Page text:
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According to an April 26th article in Nashville City Paper, Nashville entrepreneur Rich Roberts is under investigation by the Environmental Protection Agency (EPA) for building a dam on his property in Humphreys County, TN. Roberts built the 70-foot long dam without a permit from the Tennessee Department of Environment and Conservation (TDEC), though its unclear whether he actually needed a permit in the first place.

The TDEC called Roberts dam a violation of Tennessee's Water Quality Control Act and ordered him to pay civil penalties totaling $350,000. Roberts, his attorney, and three environmental engineering consultants hired by Roberts, all say the project was exempt from permit since the dammed lake is created by rainfall runoff, not groundwater. According to an EPA spokesperson, the case is in negotiations to reach settlement and has been referred to the U.S. Department of Justice for resolution.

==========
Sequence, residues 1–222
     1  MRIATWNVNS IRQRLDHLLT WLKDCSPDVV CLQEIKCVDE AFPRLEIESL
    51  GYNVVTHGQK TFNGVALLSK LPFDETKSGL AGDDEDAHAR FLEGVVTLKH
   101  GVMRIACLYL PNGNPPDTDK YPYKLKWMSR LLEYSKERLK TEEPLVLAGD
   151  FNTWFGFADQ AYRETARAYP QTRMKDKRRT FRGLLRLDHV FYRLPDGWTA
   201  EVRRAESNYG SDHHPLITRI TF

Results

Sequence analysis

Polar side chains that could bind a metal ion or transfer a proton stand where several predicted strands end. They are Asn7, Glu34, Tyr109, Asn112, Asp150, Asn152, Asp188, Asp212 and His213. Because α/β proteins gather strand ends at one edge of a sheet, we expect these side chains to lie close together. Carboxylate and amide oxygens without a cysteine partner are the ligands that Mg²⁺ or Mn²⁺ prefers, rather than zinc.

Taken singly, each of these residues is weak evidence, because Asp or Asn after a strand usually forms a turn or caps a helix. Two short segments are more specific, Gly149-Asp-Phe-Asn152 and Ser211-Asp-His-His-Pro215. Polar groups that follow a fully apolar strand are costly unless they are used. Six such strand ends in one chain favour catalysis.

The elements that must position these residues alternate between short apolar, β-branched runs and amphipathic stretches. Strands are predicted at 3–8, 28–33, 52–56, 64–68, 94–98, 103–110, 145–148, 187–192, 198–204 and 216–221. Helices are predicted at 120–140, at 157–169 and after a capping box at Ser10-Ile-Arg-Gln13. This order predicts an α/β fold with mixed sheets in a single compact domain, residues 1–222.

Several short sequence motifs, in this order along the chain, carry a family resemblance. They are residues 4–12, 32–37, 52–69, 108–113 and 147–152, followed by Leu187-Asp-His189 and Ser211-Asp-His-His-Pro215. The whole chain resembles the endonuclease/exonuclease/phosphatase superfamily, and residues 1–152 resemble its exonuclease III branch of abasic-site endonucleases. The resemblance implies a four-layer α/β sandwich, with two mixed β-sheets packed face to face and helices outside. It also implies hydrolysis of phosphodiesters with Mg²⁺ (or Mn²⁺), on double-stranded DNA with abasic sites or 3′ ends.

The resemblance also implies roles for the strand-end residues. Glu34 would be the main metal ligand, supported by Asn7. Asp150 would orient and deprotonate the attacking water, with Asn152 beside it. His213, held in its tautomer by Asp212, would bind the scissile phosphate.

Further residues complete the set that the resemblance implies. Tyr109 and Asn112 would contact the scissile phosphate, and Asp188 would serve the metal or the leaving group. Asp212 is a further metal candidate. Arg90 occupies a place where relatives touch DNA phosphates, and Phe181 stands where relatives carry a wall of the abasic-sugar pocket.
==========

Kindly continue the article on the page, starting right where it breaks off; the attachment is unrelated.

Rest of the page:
John F. Cooney, a Venable partner who has written about federal environmental enforcement procedures, said the Justice Department "typically will regard a case as a more significant situation if the landowner did not obtain a permit after a government agency told the person to apply."

"The regulatory agencies and the courts have struggled for the last decade to define exactly what constitutes a 'wetland' that cannot be dammed without a permit," said Cooney, who happens to be a Nashville native. "In some cases, the answer is obvious, but in close cases it can be hard to tell."